F. Paul Wilson

Forge Books / 544 pages / Reprint edition (April 1, 2010)


Everyone needs a hero, even if it’s a purely fictional one. If I ever find myself in deep shit I hope there will be someone like Repairman Jack to dig me out. More compassionate than Andrew Vachss’ Burke. More slippery than John Sanford’s Davenport. Jack is a man who lives under the radar, invisible to society at large, but available to make your worst problems go away — if you aren’t a problem yourself. Play it straight with him and he’ll use his special brand of troubleshooting to help you out; try to use him and he is going to make it a point to make your life a living hell, or maybe make sure your life is over.

Sure, some of his plans aren’t strictly legal, but he gets the job done when no one else can. And all of the people who dig deep enough to find him aren’t in a position to be finicky.

The Haunted Air is Jack’s third outing into the stranger world he met up with in Hosts. The ghosts of his own past are threatening to extinguish his fire for justice, as grief and loss tear at him. He’s just not the same man anymore. Unfortunately, he has a more immediate problem: it just may be that other ghosts have a more permanent snuffing in mind for him and those few he has allowed to get close to him; to love him. That’s a threat he takes deadly serious. Normal or paranormal, his enemies will “live” to regret taking Jack on.

F. Paul Wilson’s novels deliver with solid, well-plotted story lines, of course, but it’s his deft touch with characters that stands out in his Repairman Jack novels. The Haunted Air is no exception. From Gia, the love of his life, to his cynical buddy Abe, the cast list is appealing, eccentric, and often lethal. Jack has fallen in with a crowd of psychic mediums-for-hire and not everyone is playing fair; just the perfect situation for Jack to step in and set things right. Two brothers helping clients to get in touch with their dear departed are an entertaining pair, being as they are polar opposites. A competing duo add a touch of danger and comic relief. An unrelated case brings Jack into contact with an altogether more sinister character who isn’t playing around. Oh! And don’t forget: Jack’s been warned that there will be no more coincidences; even things seemingly unconnected may be linked.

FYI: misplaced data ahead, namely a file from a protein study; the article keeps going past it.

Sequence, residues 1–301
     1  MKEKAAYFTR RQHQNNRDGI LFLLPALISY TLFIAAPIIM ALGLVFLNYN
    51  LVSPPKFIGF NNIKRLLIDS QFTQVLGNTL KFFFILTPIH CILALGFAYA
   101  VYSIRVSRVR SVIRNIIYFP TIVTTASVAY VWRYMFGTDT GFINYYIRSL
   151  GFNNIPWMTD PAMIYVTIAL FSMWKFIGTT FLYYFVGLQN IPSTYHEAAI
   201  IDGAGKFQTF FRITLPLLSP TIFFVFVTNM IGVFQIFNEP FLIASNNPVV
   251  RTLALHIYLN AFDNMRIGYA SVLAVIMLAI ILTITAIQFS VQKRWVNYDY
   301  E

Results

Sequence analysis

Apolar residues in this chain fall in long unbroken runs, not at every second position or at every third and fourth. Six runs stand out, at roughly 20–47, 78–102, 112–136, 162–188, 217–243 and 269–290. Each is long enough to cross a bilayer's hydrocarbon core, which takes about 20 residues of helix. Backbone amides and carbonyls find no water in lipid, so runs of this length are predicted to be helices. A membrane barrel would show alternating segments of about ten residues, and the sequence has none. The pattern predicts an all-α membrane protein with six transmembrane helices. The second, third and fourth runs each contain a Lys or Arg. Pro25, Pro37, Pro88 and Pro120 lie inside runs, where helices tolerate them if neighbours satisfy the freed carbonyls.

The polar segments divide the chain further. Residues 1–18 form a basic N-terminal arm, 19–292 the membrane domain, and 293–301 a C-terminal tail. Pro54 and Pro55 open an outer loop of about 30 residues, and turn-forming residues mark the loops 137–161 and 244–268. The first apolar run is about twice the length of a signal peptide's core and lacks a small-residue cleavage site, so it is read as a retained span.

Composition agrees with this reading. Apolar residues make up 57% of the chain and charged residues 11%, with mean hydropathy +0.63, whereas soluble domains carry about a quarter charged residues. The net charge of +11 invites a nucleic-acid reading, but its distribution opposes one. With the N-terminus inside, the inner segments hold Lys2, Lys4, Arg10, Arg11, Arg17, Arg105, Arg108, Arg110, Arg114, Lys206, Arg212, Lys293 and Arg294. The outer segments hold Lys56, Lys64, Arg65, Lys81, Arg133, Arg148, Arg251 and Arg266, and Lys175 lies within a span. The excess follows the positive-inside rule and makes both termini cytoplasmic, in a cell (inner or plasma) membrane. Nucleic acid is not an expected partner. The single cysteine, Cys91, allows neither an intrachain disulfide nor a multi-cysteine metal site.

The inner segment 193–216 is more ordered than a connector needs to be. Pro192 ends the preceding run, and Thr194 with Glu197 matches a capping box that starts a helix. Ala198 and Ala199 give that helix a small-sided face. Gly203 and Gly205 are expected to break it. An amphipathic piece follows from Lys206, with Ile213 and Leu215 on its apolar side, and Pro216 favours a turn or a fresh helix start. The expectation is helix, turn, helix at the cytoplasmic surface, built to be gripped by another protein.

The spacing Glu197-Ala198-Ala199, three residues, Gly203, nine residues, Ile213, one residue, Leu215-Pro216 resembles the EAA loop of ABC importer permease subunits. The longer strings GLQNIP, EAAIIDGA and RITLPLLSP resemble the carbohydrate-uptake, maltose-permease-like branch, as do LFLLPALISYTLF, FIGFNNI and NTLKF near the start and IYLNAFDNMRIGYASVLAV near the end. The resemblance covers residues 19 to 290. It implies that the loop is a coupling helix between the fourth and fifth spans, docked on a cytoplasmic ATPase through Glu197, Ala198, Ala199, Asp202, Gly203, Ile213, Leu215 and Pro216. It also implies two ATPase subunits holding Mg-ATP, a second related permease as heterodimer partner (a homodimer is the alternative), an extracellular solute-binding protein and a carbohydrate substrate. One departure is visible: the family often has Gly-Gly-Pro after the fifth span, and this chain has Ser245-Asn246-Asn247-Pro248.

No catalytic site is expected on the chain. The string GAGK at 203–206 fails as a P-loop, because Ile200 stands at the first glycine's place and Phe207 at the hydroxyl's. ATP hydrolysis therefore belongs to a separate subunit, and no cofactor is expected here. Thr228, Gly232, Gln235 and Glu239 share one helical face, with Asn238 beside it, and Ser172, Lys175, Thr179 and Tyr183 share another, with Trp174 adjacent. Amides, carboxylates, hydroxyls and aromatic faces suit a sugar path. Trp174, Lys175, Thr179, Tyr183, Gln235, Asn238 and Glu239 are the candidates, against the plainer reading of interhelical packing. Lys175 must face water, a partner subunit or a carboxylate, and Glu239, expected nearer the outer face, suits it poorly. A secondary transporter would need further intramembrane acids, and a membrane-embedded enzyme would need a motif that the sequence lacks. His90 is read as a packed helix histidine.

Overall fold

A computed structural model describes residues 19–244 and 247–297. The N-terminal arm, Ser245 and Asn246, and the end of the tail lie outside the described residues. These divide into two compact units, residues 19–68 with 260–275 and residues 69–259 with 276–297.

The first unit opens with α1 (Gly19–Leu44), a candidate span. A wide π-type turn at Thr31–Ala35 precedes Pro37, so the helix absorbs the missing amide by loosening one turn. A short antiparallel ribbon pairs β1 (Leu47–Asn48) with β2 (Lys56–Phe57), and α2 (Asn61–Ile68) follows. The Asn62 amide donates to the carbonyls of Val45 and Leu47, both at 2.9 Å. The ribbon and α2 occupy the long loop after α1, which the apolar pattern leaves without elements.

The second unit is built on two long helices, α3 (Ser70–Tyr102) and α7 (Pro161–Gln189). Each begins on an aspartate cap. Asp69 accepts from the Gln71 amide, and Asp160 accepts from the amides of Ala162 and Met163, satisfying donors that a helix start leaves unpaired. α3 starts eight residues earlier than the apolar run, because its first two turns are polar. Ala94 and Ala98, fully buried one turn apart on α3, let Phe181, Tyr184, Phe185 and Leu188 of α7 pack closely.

Sounds like a lark? Well, some of it is. But what seems like a strange, but harmless job quickly darkens into something terrifying. This is a case unlike any he’s faced, and may well be a harbinger of his future. If Repairman Jack is going to have a future, that is. This is a whole new world — or worlds — for our hero. The best thing to do now is put your faith in this slightly tarnished angel of mercy and hang on to Jack like your life depends on it. Who knows? It just might…